Joshua and I have thought a lot about ham this week. It started on Tuesday. Actually, we’ve been thinking about ham a lot since we got our dry cured hams back from Bentons a couple of weeks ago. While we had the processor slice the hams that we gave to some friends, our own two hams have been hanging in the kitchen.
Yep, that’s a pig butt hanging from my kitchen ceiling. An actual pig butt – not a Boston butt which comes from the pig’s shoulder. I’m not in charge of naming these things!
Dry cured ham is shelf stable. It could hang like that for a year with no trouble. Eventually, the quality of the meat would fade, but it would never be a health risk to eat.
In any case, on Tuesday, we decided to get ready to cook one up.
The first obstacle with dry cured ham is that it is extremely salty. It’s the saltiness that’s keeping it from rotting. So in order to make it tasty, you first have to soak it. If you buy a country ham at the store, the package may say, “Soak overnight”, but the internet assured us that overnight was not nearly enough. Three days seemed to be a more common recommendation, and everywhere said that even after 3 days it would still be pretty salty.
To prepare it for soaking, first Joshua cut off the hock:
I froze the hock for tossing into ham and beans later on. The next step was to give the ham a good scrub.
The reason for scrubbing is that during the curing process (which took 4 months for our hams) mold builds up on the outside of the ham. This is to be expected and not a problem at all, but it’s got to be scrubbed off at this point.
Next up, the ham went down into a cooler for soaking.
This ham is about 20 pounds of meat, so a cooler was the only container big enough to hold it! Some people use a bathtub, but since the ham needs to be submerged, a bathtub would be overkill on the amount of water you’d be changing out.
The water should be changed a few times a day. As the water changes happened, I noticed some changes in the meat, too. The ham/water started out smelling like salty smoke. We didn’t get the hams smoked, but they still smelled a bit smoky. As the days went on, though, it started to smell more like just meat. One day that purplish color that you can see in the photo above appeared, too, which I thought was odd, but presumably normal.
We were going to wait until Saturday to cook the ham, but we jumped the gun a tiny bit and got started Friday night.
First, it had to be cut in half:
We didn’t have a pan big enough to cook the whole thing, so it was going to have to go half and half.
There are lots of suggestions online for what to use as the cooking liquid when baking a ham, but we didn’t have most of them on hand. What we did have was a can of pineapple juice, so that’s what we used. Between the juice and some water, we got the liquid level to a couple of inches from the top of the pan.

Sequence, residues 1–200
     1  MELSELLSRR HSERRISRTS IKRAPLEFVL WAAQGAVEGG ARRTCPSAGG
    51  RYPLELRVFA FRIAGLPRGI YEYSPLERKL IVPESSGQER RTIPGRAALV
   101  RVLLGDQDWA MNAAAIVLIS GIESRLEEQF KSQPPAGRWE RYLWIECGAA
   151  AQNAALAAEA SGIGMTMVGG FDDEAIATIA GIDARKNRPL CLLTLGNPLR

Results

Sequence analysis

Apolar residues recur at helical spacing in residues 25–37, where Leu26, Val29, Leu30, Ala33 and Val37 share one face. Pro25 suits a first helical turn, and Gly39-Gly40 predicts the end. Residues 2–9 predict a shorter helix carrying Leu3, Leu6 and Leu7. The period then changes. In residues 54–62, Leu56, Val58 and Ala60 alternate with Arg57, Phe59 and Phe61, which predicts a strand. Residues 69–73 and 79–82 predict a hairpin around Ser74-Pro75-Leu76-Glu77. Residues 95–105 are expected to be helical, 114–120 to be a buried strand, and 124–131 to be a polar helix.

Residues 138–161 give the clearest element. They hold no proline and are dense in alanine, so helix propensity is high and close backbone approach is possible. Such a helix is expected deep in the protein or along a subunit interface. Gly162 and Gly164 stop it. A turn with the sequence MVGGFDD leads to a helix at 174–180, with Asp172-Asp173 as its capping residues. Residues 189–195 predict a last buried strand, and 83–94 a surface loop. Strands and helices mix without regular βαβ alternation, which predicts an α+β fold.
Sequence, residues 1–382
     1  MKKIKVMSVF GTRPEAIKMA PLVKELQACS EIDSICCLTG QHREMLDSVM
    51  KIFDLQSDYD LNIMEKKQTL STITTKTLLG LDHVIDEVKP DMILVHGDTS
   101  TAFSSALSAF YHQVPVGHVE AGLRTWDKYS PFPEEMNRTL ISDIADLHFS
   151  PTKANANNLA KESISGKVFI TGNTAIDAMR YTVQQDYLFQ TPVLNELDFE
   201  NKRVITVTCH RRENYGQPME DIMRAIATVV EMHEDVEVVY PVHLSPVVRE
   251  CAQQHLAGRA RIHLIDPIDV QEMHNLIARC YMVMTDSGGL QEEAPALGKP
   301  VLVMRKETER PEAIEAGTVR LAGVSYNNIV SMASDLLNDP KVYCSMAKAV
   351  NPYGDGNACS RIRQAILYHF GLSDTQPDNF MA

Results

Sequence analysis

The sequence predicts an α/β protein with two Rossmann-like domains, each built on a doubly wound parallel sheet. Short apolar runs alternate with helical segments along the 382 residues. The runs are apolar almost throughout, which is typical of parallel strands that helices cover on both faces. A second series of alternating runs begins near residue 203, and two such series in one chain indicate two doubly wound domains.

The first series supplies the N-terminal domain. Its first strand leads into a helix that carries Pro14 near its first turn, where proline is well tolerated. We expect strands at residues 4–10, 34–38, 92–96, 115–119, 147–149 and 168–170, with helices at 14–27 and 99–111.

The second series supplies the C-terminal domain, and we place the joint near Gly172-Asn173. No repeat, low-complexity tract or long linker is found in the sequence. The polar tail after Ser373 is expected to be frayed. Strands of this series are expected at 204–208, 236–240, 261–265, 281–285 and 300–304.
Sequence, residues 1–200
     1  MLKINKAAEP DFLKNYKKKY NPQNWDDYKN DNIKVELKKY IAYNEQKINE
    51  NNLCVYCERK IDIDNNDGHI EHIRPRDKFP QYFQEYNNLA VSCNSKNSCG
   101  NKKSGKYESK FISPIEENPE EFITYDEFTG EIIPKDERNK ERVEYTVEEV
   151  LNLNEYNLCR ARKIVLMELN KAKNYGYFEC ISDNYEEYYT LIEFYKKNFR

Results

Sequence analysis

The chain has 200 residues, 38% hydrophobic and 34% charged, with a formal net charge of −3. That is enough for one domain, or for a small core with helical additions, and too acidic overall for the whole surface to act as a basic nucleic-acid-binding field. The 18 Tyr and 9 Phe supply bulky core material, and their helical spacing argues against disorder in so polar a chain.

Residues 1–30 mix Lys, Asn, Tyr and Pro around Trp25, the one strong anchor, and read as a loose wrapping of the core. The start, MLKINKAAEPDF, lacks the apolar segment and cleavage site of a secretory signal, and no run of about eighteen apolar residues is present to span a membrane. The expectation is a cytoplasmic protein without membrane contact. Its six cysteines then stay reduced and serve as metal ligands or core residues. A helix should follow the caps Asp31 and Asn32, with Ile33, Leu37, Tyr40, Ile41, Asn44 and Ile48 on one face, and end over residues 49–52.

We debated about whether to cover the pan in foil, and ended up going with yes:
While that half was in the oven, we decided to test out the half that wasn’t baking. Joshua sliced off a few pieces:
And we fried them up:
When we first got the hams, we tried some fried slices from the other two hams that the processor had sliced up. We didn’t know about having to soak country hams at that time, and WOW was it salty. So trying this one out would give us a comparison after three days of soaking. It was noticeably better, but still really, really salty. We’re going to let that second half soak for a couple more days!
We baked the first half at 350 for 10 minutes then dropped the temperature to 250 and let it cook until it got an internal temperature of about 140 degrees. I don’t remember how long that took… a little over two hours would be my guess.
Looking all brown coming out of the oven:
But still pink and juicy on the inside:
We ate a couple of big pieces, which were pretty darn salty. Then we tried some thin slices, which actually tasted better. Joshua made a sandwich, and with the bread and condiments to cut the salt, it almost tasted like “store bought” ham.
Joshua sliced the whole thing up, and we’ll probably freeze individual packs of a few slices. The little stack you see to the right in this picture is some odd-size pieces that I’ll add to the future ham and beans.
For now, the slices are just in our refrigerator. One upside to all that salt is that there’s not much risk to the ham going bad!
Joshua wants to try boiling the next half, and after that we have a whole other ham to do, so we might try some different methods. Joshua says he’s happy with the dry cure process.
I’m interested to learn about wet curing for next year and to see what that does to the taste and the saltiness. What we’ve got right now is clearly meat of a fine quality, but I don’t love the taste. Since we have 40 pounds of it, I really wish I loved the taste! I’m looking forward to trying new things with the ham and seeing what happens.
Either way, we are still having an adventure with these pigs!